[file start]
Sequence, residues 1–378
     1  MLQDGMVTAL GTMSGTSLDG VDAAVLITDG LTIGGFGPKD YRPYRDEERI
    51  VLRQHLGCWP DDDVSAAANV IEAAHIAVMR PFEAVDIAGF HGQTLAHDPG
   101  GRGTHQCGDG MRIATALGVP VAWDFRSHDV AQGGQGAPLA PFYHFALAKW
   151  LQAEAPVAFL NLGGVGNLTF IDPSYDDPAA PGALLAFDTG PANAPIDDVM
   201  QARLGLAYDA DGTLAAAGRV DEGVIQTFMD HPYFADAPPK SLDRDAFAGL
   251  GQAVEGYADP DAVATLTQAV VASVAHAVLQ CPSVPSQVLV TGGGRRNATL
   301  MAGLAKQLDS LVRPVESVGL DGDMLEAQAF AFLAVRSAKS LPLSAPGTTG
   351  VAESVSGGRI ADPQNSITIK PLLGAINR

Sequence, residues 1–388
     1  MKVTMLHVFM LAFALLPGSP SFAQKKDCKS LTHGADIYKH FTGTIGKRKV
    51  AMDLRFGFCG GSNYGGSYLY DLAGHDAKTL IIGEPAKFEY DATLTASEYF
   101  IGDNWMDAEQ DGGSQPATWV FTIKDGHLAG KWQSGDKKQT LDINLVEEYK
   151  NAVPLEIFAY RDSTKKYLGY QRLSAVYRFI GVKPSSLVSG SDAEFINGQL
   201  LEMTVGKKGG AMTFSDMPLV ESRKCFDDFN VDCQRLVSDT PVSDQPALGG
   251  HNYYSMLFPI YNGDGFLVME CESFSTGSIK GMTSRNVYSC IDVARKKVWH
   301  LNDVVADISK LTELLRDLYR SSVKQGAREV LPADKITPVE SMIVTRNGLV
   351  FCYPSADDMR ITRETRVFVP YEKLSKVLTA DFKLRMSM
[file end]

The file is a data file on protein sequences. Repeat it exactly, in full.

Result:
Sequence, residues 1–378
     1  MLQDGMVTAL GTMSGTSLDG VDAAVLITDG LTIGGFGPKD YRPYRDEERI
    51  VLRQHLGCWP DDDVSAAANV IEAAHIAVMR PFEAVDIAGF HGQTLAHDPG
   101  GRGTHQCGDG MRIATALGVP VAWDFRSHDV AQGGQGAPLA PFYHFALAKW
   151  LQAEAPVAFL NLGGVGNLTF IDPSYDDPAA PGALLAFDTG PANAPIDDVM
   201  QARLGLAYDA DGTLAAAGRV DEGVIQTFMD HPYFADAPPK SLDRDAFAGL
   251  GQAVEGYADP DAVATLTQAV VASVAHAVLQ CPSVPSQVLV TGGGRRNATL
   301  MAGLAKQLDS LVRPVESVGL DGDMLEAQAF AFLAVRSAKS LPLSAPGTTG
   351  VAESVSGGRI ADPQNSITIK PLLGAINR

Sequence, residues 1–388
     1  MKVTMLHVFM LAFALLPGSP SFAQKKDCKS LTHGADIYKH FTGTIGKRKV
    51  AMDLRFGFCG GSNYGGSYLY DLAGHDAKTL IIGEPAKFEY DATLTASEYF
   101  IGDNWMDAEQ DGGSQPATWV FTIKDGHLAG KWQSGDKKQT LDINLVEEYK
   151  NAVPLEIFAY RDSTKKYLGY QRLSAVYRFI GVKPSSLVSG SDAEFINGQL
   201  LEMTVGKKGG AMTFSDMPLV ESRKCFDDFN VDCQRLVSDT PVSDQPALGG
   251  HNYYSMLFPI YNGDGFLVME CESFSTGSIK GMTSRNVYSC IDVARKKVWH
   301  LNDVVADISK LTELLRDLYR SSVKQGAREV LPADKITPVE SMIVTRNGLV
   351  FCYPSADDMR ITRETRVFVP YEKLSKVLTA DFKLRMSM